Encrypting for Apple's Secure Enclave

post type iconMay 31, 2018 - 2200 Words -
Encryption, once you have a safe and well-implemented algorithm, is all about the keys. Lose control of your keys, and it’s “Game over, man!” What if we could put our keys somewhere completely out of reach, where even their owner can’t get to them? Yibikeys and HSMs can provide that security, but they’re external devices. However, recent iOS devices and MacBook Pros have something just as good: the Secure Enclave (SE).

iPhone Secure Enclave Firmware Key Found

post type iconAug 17, 2017 - 1700 Words -
Earlier today, it was reported that a hacker/researcher called “xerub” had released the encryption key, and tools to use it, for the firmware that runs the Secure Enclave Processor (SEP) on iPhone 5S. Reporting was…breathless. Stories suggested that this move was “destroying key piece of iOS mobile security,” and that we should “be on the lookout for Touch ID hacks” and “password harvesting scams.” Is it really that bad? No, not really.

Put away the tin-foil: The Apple unlock case is complicated enough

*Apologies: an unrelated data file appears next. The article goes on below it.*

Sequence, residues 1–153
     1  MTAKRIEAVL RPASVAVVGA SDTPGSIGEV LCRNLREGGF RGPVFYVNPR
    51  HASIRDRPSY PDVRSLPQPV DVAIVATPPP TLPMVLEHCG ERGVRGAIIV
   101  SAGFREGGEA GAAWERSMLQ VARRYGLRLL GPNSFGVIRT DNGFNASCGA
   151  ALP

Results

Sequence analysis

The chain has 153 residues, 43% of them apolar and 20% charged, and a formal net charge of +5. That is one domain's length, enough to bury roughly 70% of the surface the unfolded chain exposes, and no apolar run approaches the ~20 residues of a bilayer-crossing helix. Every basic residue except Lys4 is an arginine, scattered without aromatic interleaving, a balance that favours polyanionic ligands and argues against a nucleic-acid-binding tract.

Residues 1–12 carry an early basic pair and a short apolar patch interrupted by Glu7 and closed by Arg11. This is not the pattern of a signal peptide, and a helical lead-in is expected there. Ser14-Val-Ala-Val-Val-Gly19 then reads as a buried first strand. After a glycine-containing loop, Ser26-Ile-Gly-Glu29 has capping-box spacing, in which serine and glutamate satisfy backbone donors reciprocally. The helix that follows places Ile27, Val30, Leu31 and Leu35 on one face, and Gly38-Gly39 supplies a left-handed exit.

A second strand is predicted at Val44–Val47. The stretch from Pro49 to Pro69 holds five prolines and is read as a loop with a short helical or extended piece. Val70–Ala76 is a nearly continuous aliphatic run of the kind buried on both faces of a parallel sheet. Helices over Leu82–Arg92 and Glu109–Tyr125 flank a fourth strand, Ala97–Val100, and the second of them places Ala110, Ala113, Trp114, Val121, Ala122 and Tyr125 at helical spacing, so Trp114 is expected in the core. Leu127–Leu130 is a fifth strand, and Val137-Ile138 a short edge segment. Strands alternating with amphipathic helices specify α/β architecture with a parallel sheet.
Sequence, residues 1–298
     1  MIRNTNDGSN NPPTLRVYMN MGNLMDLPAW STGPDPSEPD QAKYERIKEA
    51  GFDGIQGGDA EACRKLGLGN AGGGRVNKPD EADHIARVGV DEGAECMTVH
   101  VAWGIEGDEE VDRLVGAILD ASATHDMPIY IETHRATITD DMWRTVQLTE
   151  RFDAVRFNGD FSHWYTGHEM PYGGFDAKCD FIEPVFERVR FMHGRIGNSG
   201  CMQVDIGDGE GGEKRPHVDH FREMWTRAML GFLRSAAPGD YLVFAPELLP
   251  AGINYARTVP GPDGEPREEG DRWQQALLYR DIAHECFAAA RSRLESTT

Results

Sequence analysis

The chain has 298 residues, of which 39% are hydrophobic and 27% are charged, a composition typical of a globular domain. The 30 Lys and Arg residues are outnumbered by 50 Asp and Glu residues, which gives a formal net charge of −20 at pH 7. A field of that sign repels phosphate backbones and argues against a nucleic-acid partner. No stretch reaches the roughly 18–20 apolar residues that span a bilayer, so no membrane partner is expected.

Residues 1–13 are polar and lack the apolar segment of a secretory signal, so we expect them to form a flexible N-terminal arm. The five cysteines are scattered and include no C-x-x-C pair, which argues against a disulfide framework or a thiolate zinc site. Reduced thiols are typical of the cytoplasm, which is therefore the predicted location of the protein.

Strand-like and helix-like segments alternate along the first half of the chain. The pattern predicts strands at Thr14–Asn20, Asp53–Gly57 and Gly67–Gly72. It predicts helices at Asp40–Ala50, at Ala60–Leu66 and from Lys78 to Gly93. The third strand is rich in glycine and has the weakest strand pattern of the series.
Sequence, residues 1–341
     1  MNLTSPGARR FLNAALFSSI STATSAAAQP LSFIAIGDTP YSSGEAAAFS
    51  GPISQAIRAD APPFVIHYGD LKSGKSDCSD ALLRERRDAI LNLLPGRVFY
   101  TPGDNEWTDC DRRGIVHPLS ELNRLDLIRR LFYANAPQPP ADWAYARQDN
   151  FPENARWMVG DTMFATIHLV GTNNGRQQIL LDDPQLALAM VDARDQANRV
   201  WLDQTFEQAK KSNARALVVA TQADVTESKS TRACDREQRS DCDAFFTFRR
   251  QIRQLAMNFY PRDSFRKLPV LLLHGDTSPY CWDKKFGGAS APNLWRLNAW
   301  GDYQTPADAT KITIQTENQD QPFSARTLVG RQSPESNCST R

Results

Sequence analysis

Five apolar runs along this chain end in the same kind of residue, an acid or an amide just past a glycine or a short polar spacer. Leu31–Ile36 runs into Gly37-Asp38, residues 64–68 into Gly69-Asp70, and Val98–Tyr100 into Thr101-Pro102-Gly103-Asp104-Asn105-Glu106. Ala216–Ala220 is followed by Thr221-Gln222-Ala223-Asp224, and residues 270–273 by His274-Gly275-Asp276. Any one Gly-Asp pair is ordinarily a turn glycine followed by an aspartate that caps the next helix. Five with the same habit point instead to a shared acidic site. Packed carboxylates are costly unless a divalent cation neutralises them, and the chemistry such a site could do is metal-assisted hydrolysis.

post type iconFeb 19, 2016 - 2100 Words -
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Apple and the FBI are fighting. The {twitter, blog, media}-‘verses have exploded. And FUD, confusion, and conspiracy theories have been given free reign. Rather than going into deep technical detail, or pontificating over the moral, legal, and ethical issues at hand, I thought it may be useful to discuss some of the more persistent misinformation and misunderstandings I’ve seen over the last few days. Background On February 16, 2016, Apple posted A Message to Our Customers, a public response to a recent court order, in which the FBI demands that Apple take steps to help them break the passcode on an iPhone 5C used by one of the terrorists in the San Bernardino shooting last year.